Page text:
One of the more interesting elements of John Deere’s planned acquisition of Precision Planting from parent company Monsanto involved the data collection capabilities provided by the hardware. The cancellation of the deal included a digital collaboration agreement between Deere and the Climate Corp., which would have allowed for sharing of agronomic data between Deere’s Operations Center and Climate’s FieldView platform.

While Deere would have acquired the hardware side of Precision Planting, the data collection aspect would have remained with Monsanto. Had the equipment sale gone through, several precision dealers suggested the outcome could have given Monsanto access to the majority of planting data being collected in the market.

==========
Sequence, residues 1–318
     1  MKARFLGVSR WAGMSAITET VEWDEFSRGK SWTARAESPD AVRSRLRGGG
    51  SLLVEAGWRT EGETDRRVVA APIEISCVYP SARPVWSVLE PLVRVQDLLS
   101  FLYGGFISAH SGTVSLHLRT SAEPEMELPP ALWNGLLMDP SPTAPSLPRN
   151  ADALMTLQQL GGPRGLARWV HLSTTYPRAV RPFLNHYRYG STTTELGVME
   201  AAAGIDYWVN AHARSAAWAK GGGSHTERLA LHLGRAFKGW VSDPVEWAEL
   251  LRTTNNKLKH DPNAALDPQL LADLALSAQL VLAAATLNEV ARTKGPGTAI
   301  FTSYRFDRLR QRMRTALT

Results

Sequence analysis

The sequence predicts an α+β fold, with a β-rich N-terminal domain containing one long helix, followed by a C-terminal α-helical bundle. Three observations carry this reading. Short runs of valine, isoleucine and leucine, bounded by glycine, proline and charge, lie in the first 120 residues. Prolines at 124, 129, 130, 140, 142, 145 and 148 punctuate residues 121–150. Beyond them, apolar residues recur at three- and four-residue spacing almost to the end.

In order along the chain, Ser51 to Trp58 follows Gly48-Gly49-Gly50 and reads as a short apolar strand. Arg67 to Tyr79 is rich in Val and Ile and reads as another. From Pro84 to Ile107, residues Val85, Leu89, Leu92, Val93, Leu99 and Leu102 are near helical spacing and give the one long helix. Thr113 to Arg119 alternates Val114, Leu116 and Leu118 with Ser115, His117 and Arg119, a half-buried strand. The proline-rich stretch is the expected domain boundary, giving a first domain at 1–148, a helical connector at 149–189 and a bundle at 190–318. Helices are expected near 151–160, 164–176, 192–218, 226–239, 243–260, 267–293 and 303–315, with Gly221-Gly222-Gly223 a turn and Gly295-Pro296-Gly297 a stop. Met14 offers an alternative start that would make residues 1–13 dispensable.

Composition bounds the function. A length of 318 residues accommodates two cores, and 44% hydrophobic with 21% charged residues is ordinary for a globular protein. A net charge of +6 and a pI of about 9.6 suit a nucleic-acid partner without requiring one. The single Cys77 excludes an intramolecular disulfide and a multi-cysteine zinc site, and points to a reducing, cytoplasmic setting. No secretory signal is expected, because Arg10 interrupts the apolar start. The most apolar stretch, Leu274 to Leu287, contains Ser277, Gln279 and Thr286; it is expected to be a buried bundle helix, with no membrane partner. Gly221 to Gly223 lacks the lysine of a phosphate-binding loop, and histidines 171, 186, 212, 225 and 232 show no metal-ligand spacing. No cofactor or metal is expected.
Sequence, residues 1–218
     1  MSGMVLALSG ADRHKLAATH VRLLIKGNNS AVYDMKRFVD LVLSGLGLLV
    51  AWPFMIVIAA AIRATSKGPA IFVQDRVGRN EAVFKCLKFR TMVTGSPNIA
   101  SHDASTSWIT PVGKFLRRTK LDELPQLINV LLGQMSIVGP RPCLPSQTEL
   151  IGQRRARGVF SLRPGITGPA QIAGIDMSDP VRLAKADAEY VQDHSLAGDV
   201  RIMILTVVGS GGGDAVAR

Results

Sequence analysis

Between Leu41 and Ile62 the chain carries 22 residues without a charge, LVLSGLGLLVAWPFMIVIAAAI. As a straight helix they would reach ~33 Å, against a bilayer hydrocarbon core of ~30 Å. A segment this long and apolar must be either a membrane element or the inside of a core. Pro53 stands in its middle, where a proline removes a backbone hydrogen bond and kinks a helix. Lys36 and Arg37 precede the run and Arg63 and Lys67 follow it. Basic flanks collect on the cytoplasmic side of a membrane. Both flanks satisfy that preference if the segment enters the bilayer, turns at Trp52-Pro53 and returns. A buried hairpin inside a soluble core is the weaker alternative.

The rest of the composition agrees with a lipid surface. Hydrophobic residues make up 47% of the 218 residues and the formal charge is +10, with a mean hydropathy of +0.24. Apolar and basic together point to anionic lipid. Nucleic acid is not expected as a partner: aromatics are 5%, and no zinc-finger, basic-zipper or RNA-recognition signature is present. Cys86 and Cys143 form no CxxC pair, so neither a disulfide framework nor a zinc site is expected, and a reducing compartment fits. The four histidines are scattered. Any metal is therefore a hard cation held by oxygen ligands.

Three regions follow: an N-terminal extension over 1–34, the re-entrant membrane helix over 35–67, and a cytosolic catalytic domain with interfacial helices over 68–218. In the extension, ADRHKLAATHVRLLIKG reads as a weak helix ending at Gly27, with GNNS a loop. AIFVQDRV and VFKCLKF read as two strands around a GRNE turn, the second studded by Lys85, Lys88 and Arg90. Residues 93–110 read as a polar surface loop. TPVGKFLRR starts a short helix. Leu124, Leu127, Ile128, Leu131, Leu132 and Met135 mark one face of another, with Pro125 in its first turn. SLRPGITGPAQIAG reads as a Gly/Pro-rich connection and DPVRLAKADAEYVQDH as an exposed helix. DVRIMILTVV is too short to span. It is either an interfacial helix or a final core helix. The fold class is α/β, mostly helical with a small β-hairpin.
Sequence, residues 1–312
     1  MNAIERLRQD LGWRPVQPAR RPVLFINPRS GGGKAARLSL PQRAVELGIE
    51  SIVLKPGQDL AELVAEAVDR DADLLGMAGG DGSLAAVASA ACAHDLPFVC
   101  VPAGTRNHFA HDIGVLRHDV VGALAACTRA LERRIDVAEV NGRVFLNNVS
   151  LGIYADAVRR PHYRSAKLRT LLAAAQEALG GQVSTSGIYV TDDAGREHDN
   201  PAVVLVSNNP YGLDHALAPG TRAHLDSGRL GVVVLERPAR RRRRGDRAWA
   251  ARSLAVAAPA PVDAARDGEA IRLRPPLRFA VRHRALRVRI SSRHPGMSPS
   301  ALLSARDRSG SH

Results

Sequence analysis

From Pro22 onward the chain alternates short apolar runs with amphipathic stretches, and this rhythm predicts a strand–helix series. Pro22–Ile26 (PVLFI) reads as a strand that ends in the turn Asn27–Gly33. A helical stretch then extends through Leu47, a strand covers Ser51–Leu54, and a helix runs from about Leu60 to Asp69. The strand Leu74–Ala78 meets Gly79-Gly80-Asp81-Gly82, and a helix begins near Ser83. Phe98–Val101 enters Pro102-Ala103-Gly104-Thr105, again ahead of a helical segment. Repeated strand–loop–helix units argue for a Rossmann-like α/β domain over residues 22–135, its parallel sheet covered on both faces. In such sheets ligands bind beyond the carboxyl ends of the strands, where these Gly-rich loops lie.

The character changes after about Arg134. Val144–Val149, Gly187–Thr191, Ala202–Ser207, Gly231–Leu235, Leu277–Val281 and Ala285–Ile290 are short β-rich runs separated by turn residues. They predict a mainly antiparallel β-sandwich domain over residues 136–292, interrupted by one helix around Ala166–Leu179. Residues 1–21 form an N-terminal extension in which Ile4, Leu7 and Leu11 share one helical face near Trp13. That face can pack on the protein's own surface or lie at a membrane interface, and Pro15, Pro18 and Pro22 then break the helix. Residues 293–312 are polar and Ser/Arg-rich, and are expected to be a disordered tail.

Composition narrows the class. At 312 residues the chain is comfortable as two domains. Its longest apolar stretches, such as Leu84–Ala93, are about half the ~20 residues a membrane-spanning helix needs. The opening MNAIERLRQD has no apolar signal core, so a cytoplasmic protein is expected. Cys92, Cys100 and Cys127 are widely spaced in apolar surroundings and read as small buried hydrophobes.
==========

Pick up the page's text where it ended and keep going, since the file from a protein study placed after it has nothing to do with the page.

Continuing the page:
Steve Cubbage, owner of Record Harvest, a Precision Planting dealer in Nevada, Mo., says he wasn’t surprised the acquisition fell apart, but he expects the data component will be a bargaining chip in negotiations with other potential buyers.

“Monsanto says they don’t want to be in the precision hardware business and in my opinion, they never did. They bought Precision (Planting) to gain access to the data and I think even with the Deere deal, that was a still a caveat as they said, ‘We’ll sell you the hardware business, but we retain the rights to whatever data flows through that technology.’ I think that is going to be the carrot and the stick in negotiations moving forward, because the last thing Monsanto will want to give up is access to that flow of data coming through that hardware.”

It remains to be seen how the termination of the sale will disrupt Monsanto’s long-term plans on the data collection side, but the company has stated it still intends to sell Precision Planting’s equipment business, valued at $190 million.